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Oklahoma football: Lane Johnson's unlikely journey to top NFL Draft prospect

Lane Johnson's unlikely football journey included three position changes, an extra 100 pounds of mass and stops in Kilgore, Texas, Norman and now New York, where Thursday he'll join NFL commissioner Roger Goodell on stage as a top-10 draft selection.
by Jason Kersey Published: April 24, 2013

“He was starving himself to play at 270 (pounds) to play D-end,” coach Bob Stoops said. “I asked (strength) Coach (Jerry) Schmidt how long it would take him to get to 300 pounds. He said, ‘About a week and a cheeseburger.'

“Sometimes with these big, long guys that are really athletic, you don't know when they're going to stop growing.”

The move made sense for lots of reasons, but for a guy who spent most of his life playing quarterback, the thought of becoming an offensive lineman — and all the stereotypes that come with it — didn't sit well.

Johnson said coaches left the decision up to him, and he continued to play defensive end for another few weeks before ultimately choosing to give the offensive line a try.

“When he moved to tackle initially, I thought, ‘That's an ingenious move,'” Eckert said. “But you're always wondering how the student-athlete's gonna take it.”

One thing Johnson said helped was having a friend like Gabe Ikard, the former Bishop McGuinness standout who was also transitioning from tight end to offensive lineman at around the same time.

“It was difficult going from a skill position to playing on the line,” said Ikard, now Oklahoma's starting center. “We had to change our bodies and we had to change our mental approach to the game. We realized we were not going to catch any passes and get our name in the paper.

“Once we accepted that our job was the most important on the field, we allowed ourselves to work toward becoming good offensive linemen. “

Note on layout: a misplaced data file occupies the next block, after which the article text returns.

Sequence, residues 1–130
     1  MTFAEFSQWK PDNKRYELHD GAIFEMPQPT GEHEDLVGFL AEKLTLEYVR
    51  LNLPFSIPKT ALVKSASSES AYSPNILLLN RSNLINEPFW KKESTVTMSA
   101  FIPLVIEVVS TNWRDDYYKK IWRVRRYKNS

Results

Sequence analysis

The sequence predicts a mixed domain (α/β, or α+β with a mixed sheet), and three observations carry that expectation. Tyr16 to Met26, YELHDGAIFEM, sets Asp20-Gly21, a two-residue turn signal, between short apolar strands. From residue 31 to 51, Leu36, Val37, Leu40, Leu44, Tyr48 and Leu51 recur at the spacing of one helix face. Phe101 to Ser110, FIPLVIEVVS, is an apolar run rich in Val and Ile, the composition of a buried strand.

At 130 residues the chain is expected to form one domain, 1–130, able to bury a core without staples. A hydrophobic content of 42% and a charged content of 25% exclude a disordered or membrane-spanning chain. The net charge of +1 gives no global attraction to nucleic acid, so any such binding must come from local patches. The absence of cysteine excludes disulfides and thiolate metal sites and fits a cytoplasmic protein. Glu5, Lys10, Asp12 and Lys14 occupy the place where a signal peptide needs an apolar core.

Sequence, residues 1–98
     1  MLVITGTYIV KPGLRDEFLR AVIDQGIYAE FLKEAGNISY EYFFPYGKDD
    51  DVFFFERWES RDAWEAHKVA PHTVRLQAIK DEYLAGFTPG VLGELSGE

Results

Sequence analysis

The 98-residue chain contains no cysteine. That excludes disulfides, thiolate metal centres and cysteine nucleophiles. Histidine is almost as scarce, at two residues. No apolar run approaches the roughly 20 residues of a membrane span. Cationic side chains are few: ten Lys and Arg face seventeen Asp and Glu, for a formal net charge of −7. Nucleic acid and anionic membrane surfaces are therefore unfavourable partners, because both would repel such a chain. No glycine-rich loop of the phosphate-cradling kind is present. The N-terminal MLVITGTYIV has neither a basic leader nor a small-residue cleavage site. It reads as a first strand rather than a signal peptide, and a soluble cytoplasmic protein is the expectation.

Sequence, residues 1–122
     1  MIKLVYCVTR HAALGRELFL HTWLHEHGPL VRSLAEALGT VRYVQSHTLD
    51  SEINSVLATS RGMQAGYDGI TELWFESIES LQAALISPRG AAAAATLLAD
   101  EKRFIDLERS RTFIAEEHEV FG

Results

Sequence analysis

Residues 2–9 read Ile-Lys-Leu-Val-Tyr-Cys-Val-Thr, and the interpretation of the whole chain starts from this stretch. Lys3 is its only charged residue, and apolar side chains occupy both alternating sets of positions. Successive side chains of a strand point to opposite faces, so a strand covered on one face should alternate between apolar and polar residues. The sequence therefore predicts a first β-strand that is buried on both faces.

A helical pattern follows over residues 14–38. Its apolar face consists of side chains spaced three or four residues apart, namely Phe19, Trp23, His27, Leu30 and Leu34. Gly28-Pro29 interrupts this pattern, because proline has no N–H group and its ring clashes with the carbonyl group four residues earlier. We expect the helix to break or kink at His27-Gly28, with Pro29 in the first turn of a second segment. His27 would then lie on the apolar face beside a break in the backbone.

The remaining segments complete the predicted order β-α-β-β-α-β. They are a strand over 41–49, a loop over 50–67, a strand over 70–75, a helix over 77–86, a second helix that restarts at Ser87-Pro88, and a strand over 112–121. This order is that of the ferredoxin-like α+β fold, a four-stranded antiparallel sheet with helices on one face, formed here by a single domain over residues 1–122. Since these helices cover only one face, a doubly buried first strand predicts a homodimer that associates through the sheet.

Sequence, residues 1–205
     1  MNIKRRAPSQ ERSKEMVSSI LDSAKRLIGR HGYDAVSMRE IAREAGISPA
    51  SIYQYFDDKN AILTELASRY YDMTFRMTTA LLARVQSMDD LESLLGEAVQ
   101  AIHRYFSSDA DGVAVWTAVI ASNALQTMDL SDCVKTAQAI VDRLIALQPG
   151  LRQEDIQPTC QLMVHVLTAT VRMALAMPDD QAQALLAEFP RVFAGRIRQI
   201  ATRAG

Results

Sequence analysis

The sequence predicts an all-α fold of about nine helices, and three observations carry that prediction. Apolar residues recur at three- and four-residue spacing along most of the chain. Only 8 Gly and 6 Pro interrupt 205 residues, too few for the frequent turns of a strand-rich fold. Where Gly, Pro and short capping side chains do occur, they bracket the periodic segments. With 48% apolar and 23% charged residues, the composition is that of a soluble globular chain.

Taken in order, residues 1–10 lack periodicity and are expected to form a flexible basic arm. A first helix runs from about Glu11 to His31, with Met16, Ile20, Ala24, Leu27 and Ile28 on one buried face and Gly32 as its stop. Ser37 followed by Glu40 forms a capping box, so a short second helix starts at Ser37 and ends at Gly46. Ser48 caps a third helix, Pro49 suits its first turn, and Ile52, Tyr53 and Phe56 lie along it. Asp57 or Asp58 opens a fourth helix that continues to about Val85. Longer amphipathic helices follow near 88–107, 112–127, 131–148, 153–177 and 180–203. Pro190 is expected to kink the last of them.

Johnson entered the starting lineup for Oklahoma's second game of 2011 — a top-five clash at Florida State — and started every game the rest of that season at right tackle. He shifted to left tackle before his senior year, and by the end of the season was showing up on first-round draft projections.

Then in late January, Johnson wowed NFL scouts at the Senior Bowl in Mobile, Ala. During the game, former Utah State cornerback Will Davis intercepted a pass and returned it 25 yards before Johnson caught him near the sideline and shoved him out of bounds.

Johnson affirmed his impressive speed with a 4.7 40-yard dash time at the February NFL Combine.

“It's always unique when you start talking about gaining ... you don't really think about maintaining the speed to go along with that,” Eckert said. “For him to be able to do that, I think it just speaks volumes about what kind of athlete he is.”

The latest mock drafts have Johnson going as high as No. 4 overall to the Philadelphia Eagles, and as low as No. 11 to the San Diego Chargers. Johnson was one of few draft prospects invited to the ceremony.

“I've actually never been to New York,” Johnson said. “Having the opportunity to take my family, as well as myself, it's a blessing. ... It's moving so fast now, so it's kinda hard to grasp it all. Sometimes when I have time to think about how my career's gone, it is just remarkable. Over these past months, it's all come into place.”

by Jason Kersey
OU Sports Reporter
Jason Kersey became The Oklahoman's OU football beat writer in May 2012 after a year covering high school sports and OSU recruiting. Before joining the newspaper in November 2006 as a part-time results clerk, he covered high school football for...
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